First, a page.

Building a Strong Safety Culture
One telltale sign of a successful, sustainable business is a strong safety culture. When asking any employer if they “believe” in workplace safety – you will almost always get a resounding yes; but words are hollow unless they are proven through action and commitment. Much like a professional bodybuilder, a safety culture is not built overnight. It takes constant attention, research, and dedication to achieve your desired results. In fact – contrary to popular belief, a bodybuilder does not achieve his desired physique through himself alone, it takes a trainer, proper educator, and like-minded individuals surrounding you in order for all of the puzzle pieces to come together to form the picture on the box. So, knowing this, what can you put into practice to help build your safety culture into something you can be proud of?
The foundation to a strong culture of safety is employee buy-in. Buy-in is achieved not through walking around as a “safety cop” but is built through mutual respect and a common goal. So if you are a manager, team leader, or a safety professional – next time you walk through your facility don’t necessarily focus on minor safety infractions, but instead focus on the foundation of your safety program – the employee. If you want to turn safety into a positive thought, not the “Oh here we go, safety guys coming through again” mindset so many of us are guilty of – spend some time with your team members. Figure out what is important to them, and why and how you can leverage that into achieving your desired results. Most Americans spend 40 hours every week during the same job, if you want some REAL input on how you can improve – ask the experts, your frontline team members actually performing the very job you so badly want to protect them from. By spending some quality time with your team, you not only build a personal relationship – but you may uncover some new information that you can use to continuously improve your culture of safety.
Why do you go to work? The answer is obvious, to collect a paycheck. So, knowing this, how can you motivate a worker or department to achieve your desired goals and make safety at the forefront of their mind? Easy, the answer is to give them some incentive. Safety does not have to be boring; it will be what you make of it. If you are constantly barking orders, being a bearer of bad news…you will most likely not get the desired outcome you wish. However, if you make safety fun, engaging and something that brings a positive reaction to the employee, you are much more likely to see the results you are aiming for. This could be something as simple as company recognition or in the case of our company, we award employees $25 for reporting a near miss or a safety improvement form. This is a small expense – but the payout is sometimes invaluable.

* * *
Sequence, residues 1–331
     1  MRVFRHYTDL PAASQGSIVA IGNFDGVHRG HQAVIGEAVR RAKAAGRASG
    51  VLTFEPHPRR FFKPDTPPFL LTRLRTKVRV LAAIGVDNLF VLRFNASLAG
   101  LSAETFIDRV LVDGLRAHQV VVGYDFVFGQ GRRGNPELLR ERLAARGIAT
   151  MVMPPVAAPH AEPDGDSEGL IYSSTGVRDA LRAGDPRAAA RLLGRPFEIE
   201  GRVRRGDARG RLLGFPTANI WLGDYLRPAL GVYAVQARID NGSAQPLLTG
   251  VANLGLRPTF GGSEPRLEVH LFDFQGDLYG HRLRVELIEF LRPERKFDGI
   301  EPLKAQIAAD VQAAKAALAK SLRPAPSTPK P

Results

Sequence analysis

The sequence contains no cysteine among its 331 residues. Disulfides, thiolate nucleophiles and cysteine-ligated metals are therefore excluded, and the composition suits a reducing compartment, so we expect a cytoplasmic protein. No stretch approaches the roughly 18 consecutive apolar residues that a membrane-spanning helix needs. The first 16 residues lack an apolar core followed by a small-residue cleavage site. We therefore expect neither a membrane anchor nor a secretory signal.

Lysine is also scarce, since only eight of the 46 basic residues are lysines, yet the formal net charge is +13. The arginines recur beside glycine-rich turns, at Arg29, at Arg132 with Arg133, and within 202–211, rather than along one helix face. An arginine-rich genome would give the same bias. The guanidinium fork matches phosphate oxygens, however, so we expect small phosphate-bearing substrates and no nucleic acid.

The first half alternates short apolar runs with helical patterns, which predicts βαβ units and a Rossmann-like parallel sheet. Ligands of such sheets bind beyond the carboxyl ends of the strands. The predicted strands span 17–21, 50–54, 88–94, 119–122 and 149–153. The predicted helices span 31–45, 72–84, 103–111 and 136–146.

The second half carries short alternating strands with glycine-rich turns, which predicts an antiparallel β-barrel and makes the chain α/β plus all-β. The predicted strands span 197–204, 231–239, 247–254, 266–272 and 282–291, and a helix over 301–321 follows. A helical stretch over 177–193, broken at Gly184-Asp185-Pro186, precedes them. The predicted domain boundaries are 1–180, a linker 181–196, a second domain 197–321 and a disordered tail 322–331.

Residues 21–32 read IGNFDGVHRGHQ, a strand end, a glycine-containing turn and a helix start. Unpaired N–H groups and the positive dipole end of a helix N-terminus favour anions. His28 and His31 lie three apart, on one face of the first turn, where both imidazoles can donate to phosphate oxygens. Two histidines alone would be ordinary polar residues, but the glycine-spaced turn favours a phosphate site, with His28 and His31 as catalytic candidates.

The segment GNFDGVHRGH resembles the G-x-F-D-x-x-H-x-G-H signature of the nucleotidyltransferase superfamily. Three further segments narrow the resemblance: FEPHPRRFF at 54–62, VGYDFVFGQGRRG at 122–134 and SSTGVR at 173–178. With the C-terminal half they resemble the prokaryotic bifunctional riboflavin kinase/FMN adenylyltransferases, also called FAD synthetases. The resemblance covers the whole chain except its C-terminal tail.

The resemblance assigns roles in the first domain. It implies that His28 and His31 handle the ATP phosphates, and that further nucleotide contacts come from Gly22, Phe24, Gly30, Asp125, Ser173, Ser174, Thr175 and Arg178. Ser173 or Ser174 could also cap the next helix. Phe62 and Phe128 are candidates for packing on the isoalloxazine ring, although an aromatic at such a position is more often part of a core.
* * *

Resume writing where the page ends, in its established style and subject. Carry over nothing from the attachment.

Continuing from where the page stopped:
Lastly, and most important, give a reason why. I do not have children, but many of my friends and family do – ask any of them, what is your child’s most used word and almost always they reply “why?”. Smart folks do not blindly follow orders, they need to understand the reason behind them and come to their own conclusion. By explaining how a machine works, the hazards in a certain chemical, or whatever safety measure is in place at your facility – be sure to provide the “why?” behind the policy. It is easy for a long-time employee, supervisor, or safety professional to assume that an employee understands the reason behind a specific regulation, but often this is not true. The next time you conduct a safety meeting, rollout a new policy or get on to someone for not wearing their correct PPE – explain WHY it is necessary.
By combining all these elements, you will see an improvement in your safety program – this is proven. However, going back to our bodybuilder analogy, this does not happen overnight. It requires consistency, dedication, and education. Look at your safety culture and think to yourself; am I following the steps outlined in this article? If not, start today. If you are – fantastic, keep up the hard work, and keep striving for the zero-injury culture we all wish to achieve.
Erek Downes – CK Supply Safety Coordinator